Over the last 30 years of operations, InterGenetics has investigated more than 2000 cases through high resolution peripheral blood karyotype and in situ fluorescent hybridization (FISH) and also has performed more than 480 molecular genetics tests for Fragile X (FRAX) and more than 200 genetic tests for mental retardation utilizing high-resolution aCGH.

Recently, InterGenetics has evolved into a reference center for this very important and sensitive type of disorders, concerning mainly young children, by adding new genomic testing options in order to uncover the underlying genetic defects in cognitive and developmental disabilities, such as genomic analysis all human genes (Whole Exome Sequencing – WES) and the genomic analysis of all X-linked disease genes associated with mental retardation in males (a comprehensive investigation of X-linked mental retardation).

It is also worth noting that InterGenetics, recognizing the importance of prevention of these diseases, pioneered in 2012 the incorporation of genetic screening for Fragile X-FRAXA syndrome in all cases of prenatal chromosomal diagnosis, thus diagnosing any affected male fetuses. In this context we have tested so far more than 1000 embryos and have already prevented the birth of affected children, due to the mother being, unknowingly, a carrier of the disease.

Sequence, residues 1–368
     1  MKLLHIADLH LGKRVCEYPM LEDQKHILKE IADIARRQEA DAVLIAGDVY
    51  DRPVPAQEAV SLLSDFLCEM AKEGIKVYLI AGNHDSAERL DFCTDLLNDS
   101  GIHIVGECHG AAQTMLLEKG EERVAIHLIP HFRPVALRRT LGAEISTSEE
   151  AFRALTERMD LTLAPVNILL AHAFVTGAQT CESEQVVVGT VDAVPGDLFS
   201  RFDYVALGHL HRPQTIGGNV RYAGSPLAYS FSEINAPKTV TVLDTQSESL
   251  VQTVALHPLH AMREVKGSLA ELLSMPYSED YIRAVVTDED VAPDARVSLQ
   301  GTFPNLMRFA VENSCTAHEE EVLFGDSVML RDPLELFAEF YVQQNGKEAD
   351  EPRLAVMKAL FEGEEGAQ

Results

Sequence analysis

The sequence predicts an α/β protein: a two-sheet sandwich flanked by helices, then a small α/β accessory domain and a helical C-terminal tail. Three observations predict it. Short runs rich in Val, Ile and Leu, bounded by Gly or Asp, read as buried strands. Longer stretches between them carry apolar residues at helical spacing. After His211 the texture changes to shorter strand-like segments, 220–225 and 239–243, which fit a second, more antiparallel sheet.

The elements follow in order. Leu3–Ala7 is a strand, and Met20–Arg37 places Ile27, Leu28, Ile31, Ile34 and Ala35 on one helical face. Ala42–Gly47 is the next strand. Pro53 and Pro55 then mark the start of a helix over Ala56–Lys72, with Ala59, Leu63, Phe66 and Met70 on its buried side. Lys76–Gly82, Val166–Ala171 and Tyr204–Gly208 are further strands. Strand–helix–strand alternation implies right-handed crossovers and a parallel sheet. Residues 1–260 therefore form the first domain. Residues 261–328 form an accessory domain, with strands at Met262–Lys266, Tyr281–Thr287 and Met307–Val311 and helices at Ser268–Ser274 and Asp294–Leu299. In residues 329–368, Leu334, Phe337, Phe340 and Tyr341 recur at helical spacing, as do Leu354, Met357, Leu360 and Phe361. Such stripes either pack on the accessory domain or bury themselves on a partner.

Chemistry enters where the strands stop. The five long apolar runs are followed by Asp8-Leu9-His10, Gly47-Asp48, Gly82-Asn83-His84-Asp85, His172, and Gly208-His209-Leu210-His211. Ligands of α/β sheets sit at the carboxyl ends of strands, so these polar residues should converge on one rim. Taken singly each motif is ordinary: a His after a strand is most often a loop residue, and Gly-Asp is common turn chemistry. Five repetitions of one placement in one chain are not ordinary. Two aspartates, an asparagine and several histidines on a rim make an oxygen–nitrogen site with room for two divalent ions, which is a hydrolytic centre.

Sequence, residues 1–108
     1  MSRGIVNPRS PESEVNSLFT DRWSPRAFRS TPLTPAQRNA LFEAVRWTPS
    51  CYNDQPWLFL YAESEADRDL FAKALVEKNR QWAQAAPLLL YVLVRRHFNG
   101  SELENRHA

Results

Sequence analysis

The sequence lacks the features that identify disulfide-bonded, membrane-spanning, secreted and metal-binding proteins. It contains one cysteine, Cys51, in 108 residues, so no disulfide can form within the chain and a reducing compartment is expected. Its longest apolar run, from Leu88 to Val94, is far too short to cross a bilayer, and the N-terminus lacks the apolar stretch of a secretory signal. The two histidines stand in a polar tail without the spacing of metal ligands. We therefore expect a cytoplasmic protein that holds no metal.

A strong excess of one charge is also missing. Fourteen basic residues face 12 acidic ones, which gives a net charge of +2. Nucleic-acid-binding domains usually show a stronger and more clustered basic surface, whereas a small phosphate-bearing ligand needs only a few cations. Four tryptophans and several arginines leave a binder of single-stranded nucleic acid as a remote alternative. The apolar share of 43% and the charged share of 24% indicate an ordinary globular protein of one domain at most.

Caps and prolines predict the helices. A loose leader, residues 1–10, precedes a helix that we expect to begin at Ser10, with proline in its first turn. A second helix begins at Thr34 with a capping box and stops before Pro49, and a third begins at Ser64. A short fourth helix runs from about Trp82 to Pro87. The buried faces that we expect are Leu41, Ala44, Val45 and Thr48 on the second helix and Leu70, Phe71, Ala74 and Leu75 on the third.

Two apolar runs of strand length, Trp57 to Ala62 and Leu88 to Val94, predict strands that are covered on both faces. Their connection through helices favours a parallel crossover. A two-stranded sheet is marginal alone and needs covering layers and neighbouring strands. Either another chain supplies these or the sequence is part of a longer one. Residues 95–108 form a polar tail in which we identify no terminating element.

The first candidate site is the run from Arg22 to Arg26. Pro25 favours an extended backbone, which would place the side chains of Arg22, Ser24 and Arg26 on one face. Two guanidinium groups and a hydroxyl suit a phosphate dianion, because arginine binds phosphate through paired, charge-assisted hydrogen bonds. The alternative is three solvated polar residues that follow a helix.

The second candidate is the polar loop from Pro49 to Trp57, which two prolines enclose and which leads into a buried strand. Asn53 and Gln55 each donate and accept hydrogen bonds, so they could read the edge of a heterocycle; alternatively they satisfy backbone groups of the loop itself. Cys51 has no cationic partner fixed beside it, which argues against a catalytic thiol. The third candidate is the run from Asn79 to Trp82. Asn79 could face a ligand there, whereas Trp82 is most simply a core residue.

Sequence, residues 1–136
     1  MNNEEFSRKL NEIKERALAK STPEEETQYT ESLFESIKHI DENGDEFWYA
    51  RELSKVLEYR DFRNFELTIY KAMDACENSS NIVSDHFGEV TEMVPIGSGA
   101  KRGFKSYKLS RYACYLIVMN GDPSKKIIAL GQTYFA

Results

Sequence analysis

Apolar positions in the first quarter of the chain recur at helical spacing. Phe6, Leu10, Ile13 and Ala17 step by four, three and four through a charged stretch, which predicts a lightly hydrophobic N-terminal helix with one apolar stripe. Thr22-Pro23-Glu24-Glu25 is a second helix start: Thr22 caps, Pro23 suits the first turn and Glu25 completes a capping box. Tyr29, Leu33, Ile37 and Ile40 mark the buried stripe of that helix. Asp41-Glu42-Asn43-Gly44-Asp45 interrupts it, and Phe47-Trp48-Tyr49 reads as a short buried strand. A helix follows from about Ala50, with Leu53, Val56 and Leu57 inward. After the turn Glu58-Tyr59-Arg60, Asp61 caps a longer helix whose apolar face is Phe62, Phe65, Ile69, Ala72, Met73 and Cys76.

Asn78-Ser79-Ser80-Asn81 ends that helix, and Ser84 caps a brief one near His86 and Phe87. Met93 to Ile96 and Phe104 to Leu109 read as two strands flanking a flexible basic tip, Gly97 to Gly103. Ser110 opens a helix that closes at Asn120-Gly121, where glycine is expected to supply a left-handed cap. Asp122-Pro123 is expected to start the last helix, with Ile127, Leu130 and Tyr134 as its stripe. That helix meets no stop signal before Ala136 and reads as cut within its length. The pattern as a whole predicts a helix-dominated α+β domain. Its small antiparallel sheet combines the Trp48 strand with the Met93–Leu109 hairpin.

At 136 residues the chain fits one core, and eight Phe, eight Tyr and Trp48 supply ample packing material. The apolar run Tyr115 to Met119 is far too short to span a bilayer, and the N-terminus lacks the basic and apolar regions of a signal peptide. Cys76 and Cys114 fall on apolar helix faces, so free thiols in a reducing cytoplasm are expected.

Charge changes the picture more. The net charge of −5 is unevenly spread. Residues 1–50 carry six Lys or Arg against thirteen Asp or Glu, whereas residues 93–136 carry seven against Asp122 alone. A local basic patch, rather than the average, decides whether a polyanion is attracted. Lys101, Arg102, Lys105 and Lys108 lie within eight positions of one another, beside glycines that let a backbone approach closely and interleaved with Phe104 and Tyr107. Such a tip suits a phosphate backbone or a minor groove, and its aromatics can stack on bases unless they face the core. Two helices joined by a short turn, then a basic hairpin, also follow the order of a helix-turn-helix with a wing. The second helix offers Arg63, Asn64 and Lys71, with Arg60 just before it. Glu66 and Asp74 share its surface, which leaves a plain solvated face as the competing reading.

Joined by experienced clinicians and drawing additional experience from the investigation of genetic syndromes, applied by InterGenetics since 2002, we believe that we provide an up to date and comprehensive approach to the investigation of patients and for the safe guidance of families burdened with such problems.